You can offer mild, 100 percent fruit juices when your baby is age 6 months or older. Juice isn't a necessary part of a baby's diet, however, and it's not as valuable as the original fruit itself. If you offer juice to your baby, make sure it's pasteurized. Limit the amount your baby drinks to 4 to 6 ounces (118 to 177 milliliters) a day, and serve it in a cup. Too much juice may contribute to weight problems and diarrhea, as well as thwart your baby's appetite for more nutritious solid foods. In addition, sipping juice throughout the day or while falling asleep may lead to tooth decay.

Know what's off-limits

Don't offer cow's milk, citrus, honey or corn syrup before age 1. Cow's milk doesn't meet an infant's nutritional needs — it isn't a good source of iron and, for infants, it can lead to iron deficiency anemia. Citrus can cause a painful diaper rash, and honey and corn syrup may contain spores that can cause a serious illness known as infant botulism.

Don't offer your baby foods that pose a choking hazard, such as:

  • Small, slippery foods, such as whole grapes, hot dogs and hard candy
  • Dry foods that are hard to chew, such as popcorn, raw carrots and nuts
  • Sticky or tough foods, such as peanut butter and large pieces of meat

For babies younger than age 4 months, also avoid home-prepared or canned spinach, beets, turnips and collard greens, which may contain high levels of potentially harmful compounds from soil (nitrates). If your drinking water comes from a private well, consider having it checked for nitrates.

Make meals manageable

When your baby begins eating solid food, mealtime is sure to become an adventure. Here's help making it more enjoyable — for both you and your baby.

  • Stay seated. At first, you may feed your baby in an infant seat or propped on your lap. As soon as your baby can sit easily without support, use a highchair with a broad, stable base. Buckle the safety straps, and keep other children from climbing or hanging on to the highchair.
  • Encourage exploration. Your baby is likely to play with his or her food between bites. Although it's messy, hands-on fun helps fuel your baby's development. Place a dropcloth on the floor so you won't worry about falling food.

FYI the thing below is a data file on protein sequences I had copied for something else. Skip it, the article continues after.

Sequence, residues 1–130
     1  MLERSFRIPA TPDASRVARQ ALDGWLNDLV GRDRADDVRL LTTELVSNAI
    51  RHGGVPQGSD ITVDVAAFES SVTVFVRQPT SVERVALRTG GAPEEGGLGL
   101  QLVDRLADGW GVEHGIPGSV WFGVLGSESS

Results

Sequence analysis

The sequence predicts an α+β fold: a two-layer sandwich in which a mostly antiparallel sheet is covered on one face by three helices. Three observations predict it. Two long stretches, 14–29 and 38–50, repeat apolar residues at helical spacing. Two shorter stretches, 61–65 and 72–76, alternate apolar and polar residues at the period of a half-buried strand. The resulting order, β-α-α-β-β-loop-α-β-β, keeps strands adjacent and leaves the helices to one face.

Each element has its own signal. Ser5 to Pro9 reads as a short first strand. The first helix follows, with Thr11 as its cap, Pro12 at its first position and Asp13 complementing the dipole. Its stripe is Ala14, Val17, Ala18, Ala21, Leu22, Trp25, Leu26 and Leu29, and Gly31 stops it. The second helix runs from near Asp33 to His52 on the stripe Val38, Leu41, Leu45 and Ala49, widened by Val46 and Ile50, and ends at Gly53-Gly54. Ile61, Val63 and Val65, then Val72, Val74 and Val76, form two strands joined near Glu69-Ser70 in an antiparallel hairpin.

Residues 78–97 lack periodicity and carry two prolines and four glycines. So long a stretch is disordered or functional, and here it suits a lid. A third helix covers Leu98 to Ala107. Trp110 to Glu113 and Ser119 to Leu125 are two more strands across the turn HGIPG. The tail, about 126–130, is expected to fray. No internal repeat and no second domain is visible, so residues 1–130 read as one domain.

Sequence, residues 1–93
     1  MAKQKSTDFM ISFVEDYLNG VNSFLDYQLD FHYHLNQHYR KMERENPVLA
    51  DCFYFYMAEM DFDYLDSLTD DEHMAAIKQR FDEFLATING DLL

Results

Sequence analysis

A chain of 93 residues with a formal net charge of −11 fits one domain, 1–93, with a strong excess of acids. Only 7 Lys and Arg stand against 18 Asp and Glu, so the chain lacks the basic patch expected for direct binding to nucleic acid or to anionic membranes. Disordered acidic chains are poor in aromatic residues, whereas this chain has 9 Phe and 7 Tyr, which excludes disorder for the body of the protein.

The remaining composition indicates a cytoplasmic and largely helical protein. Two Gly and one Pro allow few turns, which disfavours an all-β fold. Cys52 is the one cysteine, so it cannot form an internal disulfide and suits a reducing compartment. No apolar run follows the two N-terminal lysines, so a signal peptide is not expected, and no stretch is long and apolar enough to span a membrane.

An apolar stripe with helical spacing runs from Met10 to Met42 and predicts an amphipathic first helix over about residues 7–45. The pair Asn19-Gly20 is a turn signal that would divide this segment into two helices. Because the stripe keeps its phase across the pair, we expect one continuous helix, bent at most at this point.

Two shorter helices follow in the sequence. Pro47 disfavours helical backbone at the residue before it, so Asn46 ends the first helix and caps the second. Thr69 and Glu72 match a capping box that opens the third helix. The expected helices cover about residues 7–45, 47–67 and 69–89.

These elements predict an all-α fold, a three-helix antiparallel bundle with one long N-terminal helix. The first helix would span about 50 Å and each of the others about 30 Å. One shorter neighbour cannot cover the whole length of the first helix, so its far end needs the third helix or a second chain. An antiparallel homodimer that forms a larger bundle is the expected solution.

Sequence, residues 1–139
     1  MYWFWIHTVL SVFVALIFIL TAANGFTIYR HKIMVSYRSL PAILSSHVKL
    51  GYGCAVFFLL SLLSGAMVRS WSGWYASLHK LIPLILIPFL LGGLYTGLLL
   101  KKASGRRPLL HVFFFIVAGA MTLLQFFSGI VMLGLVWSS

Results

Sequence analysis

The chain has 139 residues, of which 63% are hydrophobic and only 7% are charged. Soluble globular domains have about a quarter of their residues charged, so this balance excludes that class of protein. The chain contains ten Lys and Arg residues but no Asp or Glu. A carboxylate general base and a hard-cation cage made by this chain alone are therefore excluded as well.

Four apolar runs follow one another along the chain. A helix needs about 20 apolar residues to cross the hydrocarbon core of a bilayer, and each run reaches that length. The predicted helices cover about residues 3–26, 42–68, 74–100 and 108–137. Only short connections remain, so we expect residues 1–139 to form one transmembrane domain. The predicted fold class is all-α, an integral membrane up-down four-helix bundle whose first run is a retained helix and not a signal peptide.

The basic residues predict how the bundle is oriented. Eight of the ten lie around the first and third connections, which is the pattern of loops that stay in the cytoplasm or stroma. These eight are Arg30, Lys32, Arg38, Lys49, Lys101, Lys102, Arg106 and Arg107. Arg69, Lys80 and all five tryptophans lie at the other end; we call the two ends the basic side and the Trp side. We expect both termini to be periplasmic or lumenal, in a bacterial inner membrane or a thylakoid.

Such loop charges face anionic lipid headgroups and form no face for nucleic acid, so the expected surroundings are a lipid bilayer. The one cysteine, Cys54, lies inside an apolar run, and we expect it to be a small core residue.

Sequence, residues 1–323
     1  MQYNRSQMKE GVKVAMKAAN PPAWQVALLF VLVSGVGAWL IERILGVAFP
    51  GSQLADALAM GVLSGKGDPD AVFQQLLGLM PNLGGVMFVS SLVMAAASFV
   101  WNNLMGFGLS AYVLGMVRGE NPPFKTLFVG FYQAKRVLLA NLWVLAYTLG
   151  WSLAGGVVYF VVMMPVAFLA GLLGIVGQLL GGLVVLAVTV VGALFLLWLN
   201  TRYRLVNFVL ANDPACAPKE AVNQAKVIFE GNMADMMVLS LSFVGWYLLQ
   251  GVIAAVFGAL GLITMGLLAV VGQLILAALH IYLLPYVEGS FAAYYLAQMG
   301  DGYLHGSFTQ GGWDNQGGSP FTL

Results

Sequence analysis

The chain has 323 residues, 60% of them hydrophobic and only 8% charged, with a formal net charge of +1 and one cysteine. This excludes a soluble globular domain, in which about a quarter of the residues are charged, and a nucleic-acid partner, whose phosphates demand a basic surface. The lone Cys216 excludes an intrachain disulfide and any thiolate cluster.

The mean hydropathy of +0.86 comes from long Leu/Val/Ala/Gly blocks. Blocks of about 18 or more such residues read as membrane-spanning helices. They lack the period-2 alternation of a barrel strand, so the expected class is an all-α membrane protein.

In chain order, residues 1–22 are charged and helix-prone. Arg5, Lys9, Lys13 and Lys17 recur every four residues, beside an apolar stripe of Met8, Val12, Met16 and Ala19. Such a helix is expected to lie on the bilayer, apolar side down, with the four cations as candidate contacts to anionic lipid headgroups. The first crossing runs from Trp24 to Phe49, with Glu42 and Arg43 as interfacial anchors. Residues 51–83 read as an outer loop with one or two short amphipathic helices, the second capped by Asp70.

• Introduce utensils. Offer your baby a spoon to hold while you feed him or her with another spoon. As your baby's dexterity improves, encourage your baby to dip the spoon in food and bring it to his or her mouth.
  • Offer a cup. Feeding your baby breast milk or formula from a cup at mealtime can help pave the way for weaning from a bottle. By age 9 months, your baby may be able to drink from a cup on his or her own.
  • Dish individual servings. Your baby may eat just a few spoonfuls of food at a time. If you feed your baby directly from a jar or container, bacteria and saliva from the spoon can quickly spoil any leftovers. Instead, place 1 tablespoon (15 milliliters) of food in a dish. The same goes for finger foods. If your baby finishes the first serving, offer another.
  • Avoid power struggles. If your baby turns away from a certain food, don't push. Simply try again another time. And again. And again. Repeated exposure can help ensure variety in your baby's diet.
  • Know when to call it quits. When your baby has had enough to eat, he or she may turn away from the spoon, lean backward, or refuse to open his or her mouth. Don't force extra bites. As long as your baby's growth is on target, you can be confident that he or she is getting enough to eat.

Enjoy your baby's sloppy tray, gooey hands and sticky face. You're building the foundation for a lifetime of healthy eating.

Last Updated: 2011-06-17